I’m on vacation here in the Mitten State, but I’ve been very busy since I arrived.  I’m busy reading stories and playing pretend games, drinking egg nog lattes and eating pizza.  I’ve spent a few evenings with my niece snuggled between me and her mom for bedtime stories, Amanda’s soft, soothing voice telling us tales about the winter solstice and Babushka, who gives away all her gifts to needy people on her way to meet the new baby who was born in a manger, no crib for a bed.

The snow this year makes me happy and so does my family.  I was feeling terribly anxious about this trip home, in part because the last time I left Michigan I had to prepare for an 1100-mile move that tested every last fiber of my resolve to set up shop in Texas.  I made it, but it was rough going.  But this time, the Mitten State feels different to me.  It feels peaceful, like the strings of blue lights under which I sleep this week, or the sound of Silent Night sung by a single voice—mine—whenever the spirit moves me.  It also feels rich and celebratory and altogether just right for Christmas.  The house is permeated with the scent of cinnamon and everyone is in a good mood, even when we’re exhausted at 9 PM.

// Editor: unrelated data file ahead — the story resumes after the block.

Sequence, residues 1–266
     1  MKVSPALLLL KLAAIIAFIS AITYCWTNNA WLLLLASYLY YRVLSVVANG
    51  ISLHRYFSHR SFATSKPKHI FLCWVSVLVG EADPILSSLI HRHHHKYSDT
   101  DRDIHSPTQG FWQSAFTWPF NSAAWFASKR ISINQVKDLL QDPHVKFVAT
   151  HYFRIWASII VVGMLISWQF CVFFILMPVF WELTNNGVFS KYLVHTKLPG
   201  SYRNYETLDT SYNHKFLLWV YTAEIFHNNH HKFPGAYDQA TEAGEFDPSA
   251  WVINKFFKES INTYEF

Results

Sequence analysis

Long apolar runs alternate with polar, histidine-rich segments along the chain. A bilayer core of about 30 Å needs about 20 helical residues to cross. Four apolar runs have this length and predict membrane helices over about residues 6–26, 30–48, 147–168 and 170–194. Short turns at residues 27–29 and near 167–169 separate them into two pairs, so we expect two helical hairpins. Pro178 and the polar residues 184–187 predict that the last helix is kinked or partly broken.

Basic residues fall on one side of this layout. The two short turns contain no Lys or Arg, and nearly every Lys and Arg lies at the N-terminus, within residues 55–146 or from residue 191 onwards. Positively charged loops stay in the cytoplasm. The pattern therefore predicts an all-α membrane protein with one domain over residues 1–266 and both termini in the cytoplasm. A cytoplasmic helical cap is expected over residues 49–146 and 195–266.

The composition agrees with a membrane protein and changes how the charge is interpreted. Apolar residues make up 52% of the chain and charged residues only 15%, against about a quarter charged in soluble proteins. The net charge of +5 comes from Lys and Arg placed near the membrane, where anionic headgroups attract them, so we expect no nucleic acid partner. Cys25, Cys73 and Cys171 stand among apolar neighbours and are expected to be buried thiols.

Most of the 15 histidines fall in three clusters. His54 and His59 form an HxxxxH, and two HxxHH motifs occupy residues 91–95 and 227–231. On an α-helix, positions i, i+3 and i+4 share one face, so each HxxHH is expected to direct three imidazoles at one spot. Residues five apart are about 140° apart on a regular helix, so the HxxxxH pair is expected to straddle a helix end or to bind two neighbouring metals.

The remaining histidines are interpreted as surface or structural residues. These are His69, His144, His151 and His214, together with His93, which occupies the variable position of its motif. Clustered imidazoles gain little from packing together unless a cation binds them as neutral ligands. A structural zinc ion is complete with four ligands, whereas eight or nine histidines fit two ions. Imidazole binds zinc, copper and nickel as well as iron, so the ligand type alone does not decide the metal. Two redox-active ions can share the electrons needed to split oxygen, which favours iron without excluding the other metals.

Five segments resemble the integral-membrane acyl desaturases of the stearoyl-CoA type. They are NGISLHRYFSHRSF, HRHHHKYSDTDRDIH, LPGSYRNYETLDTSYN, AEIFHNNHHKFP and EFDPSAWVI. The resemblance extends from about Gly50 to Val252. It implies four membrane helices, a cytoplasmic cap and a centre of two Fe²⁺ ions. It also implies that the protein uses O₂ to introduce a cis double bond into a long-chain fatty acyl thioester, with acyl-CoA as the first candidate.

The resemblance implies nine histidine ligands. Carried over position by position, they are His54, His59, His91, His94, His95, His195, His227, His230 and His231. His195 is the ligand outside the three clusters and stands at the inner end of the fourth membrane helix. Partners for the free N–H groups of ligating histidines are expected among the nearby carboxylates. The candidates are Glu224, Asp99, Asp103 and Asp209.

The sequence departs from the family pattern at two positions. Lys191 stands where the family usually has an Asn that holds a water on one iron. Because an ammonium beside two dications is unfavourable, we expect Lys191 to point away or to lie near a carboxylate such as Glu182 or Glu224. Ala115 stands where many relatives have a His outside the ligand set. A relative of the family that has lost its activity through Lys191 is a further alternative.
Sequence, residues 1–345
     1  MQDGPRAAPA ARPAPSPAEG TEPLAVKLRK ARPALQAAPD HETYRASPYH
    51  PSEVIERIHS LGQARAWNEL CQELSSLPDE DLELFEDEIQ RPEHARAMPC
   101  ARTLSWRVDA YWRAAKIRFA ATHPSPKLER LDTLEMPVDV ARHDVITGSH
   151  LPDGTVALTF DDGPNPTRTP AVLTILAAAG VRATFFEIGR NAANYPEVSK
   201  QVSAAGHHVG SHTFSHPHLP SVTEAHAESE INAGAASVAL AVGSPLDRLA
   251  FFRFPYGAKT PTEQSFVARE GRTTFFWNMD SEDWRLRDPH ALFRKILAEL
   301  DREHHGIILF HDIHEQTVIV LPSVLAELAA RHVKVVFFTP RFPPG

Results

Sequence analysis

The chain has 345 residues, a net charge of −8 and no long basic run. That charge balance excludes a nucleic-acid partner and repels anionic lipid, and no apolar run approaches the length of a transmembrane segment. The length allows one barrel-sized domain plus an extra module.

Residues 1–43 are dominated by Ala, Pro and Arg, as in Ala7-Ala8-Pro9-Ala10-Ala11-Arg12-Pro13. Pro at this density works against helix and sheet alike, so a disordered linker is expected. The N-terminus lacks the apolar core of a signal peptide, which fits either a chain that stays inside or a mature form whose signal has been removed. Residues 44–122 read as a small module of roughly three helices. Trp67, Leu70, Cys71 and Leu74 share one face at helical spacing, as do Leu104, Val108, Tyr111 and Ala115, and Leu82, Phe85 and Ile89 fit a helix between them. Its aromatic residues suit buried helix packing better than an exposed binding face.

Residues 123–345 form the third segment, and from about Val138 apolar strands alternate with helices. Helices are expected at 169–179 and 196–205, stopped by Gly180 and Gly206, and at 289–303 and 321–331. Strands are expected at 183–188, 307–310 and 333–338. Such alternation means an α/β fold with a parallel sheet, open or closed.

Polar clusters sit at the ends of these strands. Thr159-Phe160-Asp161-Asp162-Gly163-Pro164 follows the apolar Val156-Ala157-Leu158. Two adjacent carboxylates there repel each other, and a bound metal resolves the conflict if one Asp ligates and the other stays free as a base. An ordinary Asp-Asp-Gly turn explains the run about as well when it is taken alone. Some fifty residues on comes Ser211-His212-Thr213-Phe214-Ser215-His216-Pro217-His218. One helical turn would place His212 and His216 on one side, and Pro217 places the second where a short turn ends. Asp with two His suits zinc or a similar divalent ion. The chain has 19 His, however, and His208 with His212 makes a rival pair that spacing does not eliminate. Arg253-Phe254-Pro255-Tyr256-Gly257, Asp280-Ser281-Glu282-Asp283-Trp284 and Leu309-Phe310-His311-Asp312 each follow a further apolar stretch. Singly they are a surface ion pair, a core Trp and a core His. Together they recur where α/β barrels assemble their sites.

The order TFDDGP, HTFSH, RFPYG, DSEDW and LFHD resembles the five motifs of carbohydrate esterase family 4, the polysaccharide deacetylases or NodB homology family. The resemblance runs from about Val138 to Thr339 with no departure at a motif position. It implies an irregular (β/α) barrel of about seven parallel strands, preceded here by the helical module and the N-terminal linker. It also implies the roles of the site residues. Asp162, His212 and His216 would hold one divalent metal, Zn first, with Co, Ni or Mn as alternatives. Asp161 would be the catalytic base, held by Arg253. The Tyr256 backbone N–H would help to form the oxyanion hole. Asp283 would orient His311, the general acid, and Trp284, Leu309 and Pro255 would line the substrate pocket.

I haven’t been cooking much this week, just a dish of baked eggs here and a pot of oatmeal there.  My sister-in-law and brother have been feeding me and everyone else in their house very well.  I’m content to let other people feed me for a few days, especially when that feeding involves things like pecan pancakes and banana-pineapple shakes.  It’s nice to take a little break from things to enjoy other people’s cooking and hospitality.  Plus one of my favorite places in the world is standing next to Amanda at the kitchen counter with Lydia perched next to us, supervising our cooking.  I hope we get more counter time this week!

I hope your holidays are as steeped in family and food as mine are and that you are catching a few winter sunbeams on these short days.  I’ll be back next week, totally relaxed and ready to share a new recipe with you.  Until then, peace and joy be with you.

Sunday, December 13, 2009

Hello, Moon